Although some think of presentations in a business meeting context, there are often occasions when that is not the case. For example, a non-profit organization presents the need for a capital fund-raising campaign to benefit the victims of a recent tragedy; a school district superintendent presents a program to parents about the introduction of foreign-language instruction in the elementary schools;an artist demonstrates decorative painting techniques to a group of interior designers; a horticulturist shows garden club members or homeowners how they might use native plants in the suburban landscape; a police officer addresses a neighborhood association about initiating a safety program.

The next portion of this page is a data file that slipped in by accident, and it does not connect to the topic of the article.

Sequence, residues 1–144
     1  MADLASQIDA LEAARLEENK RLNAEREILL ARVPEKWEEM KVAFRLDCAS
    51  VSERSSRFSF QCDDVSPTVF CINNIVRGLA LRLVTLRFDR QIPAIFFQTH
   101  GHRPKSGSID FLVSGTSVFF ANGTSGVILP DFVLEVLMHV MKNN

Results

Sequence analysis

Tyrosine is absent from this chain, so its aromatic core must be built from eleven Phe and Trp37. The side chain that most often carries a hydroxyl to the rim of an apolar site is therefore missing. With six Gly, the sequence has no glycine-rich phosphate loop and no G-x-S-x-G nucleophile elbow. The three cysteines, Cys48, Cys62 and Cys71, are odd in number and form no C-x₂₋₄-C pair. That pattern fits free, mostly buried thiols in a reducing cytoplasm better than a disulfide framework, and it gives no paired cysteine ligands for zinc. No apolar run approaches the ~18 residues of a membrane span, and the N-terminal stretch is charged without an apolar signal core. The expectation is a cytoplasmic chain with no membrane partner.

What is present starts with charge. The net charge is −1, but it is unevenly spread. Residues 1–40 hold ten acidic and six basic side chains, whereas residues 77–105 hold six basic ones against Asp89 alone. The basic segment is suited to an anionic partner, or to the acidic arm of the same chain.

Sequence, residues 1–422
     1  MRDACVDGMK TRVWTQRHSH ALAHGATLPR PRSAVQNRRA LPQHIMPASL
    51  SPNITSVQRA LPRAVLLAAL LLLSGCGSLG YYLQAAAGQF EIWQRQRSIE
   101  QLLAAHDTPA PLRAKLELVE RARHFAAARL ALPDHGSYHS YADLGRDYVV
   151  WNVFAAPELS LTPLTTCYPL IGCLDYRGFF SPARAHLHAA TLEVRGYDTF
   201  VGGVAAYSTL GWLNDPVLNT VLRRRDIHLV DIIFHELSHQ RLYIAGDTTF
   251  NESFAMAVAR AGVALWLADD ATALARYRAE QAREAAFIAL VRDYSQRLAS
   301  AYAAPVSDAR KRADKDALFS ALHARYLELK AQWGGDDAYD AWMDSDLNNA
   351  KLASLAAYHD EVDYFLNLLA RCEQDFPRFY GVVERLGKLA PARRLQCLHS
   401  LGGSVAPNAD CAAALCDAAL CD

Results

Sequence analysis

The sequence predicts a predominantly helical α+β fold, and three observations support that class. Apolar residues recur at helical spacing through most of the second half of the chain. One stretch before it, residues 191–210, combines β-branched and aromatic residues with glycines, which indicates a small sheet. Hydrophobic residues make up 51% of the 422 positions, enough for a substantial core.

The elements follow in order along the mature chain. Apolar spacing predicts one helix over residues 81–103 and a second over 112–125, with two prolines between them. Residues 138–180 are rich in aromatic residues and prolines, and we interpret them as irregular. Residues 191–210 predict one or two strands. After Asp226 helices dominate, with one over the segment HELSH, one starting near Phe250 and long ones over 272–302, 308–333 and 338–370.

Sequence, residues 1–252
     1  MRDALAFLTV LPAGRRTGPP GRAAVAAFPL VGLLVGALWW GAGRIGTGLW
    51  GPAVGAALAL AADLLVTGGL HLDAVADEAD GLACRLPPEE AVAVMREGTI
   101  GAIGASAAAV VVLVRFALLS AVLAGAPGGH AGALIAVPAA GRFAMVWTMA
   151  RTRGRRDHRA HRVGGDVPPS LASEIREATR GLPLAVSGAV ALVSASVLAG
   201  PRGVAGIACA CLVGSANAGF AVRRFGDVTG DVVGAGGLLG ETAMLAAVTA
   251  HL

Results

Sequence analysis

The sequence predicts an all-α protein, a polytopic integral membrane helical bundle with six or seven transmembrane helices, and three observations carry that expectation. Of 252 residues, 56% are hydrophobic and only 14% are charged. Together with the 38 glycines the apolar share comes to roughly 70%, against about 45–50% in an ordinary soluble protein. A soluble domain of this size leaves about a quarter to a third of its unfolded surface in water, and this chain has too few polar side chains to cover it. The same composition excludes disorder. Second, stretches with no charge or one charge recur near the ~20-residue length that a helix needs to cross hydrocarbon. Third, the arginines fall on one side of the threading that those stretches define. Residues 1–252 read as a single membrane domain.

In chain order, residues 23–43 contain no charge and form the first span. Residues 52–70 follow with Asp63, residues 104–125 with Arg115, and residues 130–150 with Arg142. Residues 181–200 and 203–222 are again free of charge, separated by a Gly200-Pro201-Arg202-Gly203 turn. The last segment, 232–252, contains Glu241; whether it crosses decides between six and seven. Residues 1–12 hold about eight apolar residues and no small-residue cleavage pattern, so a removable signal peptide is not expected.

Presentations can also be categorized as vocational and avocational. In addition, they are expository or persuasive. And they can be impromptu, extemporaneous, written, or memorized. When looking at presentations in the broadest terms, it’s more important to focus on their purpose.

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